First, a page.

Steve Martin © Sam Jones
George Clooney © Sam Jones
Will Ferrell © Sam Jones
Tomorrow I am teaching a portraiture workshop to high school students in conjunction with MOPLA, the Los Angeles Month of Photography. I’ve been stressing about what exactly to teach these kids; what is possible to learn in a couple hours and what is not. What is the most important component of portraiture I would ideally like to impart to a beginner? I think planting the seed of how to take an iconic, expressive portrait is the way to go. It’s easy to lean some pretty girl against a wall, diffuse the light, and take a flattering portrait that says nothing at all about the subject. That has never been my thing. I enjoy unique portraits; portraits that show me something I haven’t seen a million times before. I like when pictures of people tell a story, and that story can be really simple or more complex. It all comes down to the storyteller’s point of view and whether he or she is beating you over the head with a concept or merely leading you down an interesting path.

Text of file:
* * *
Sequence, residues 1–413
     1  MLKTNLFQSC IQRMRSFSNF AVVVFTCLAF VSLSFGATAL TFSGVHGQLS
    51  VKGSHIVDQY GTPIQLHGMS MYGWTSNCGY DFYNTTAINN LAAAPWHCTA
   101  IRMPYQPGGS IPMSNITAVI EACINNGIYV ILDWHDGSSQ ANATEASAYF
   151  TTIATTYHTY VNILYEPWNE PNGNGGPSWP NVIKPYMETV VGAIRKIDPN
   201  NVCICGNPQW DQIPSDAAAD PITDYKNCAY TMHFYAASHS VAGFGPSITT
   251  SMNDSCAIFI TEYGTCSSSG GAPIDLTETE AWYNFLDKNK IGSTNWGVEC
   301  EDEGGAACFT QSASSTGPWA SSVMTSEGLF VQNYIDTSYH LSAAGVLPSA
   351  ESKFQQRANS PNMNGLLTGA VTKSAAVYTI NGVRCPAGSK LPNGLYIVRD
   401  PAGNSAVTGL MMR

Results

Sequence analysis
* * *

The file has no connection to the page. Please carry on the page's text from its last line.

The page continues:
Simultaneously, I am prepping for an upcoming shoot with one of my current favorite comediennes which is exciting. I love shooting funny, smart ladies. I have been doing my normal research for the shoot with her which involves brainstorming on the internet, trying to come up with something that makes sense, but isn’t clich. I keep coming back to Sam Jones‘ work as a great example of someone who does humorous and clever portraits. There is a true art to capturing humor in a still photograph. It’s not easy, even when you’re shooting someone really super funny. The idea has to communicate only visually what it would normally communicate with the additions of sound effects, music, or a series of actions that end in a punch line. It takes a good sense of humor (and by that I mean a sense of what is humorous) on the part of the photographer in order to know what needs to happen in this one single image to carry the joke through to completion. I’ve admired Sam Jones’ work for a long time now. That picture of Steve Martin was taken ten years ago and, to me, still holds up as a great picture. It’s a classic joke presented in an interesting way. Just goes to show you that big budgets and fancy lighting and whatnot is cool, but one simple, great idea can make for a really iconic portrait.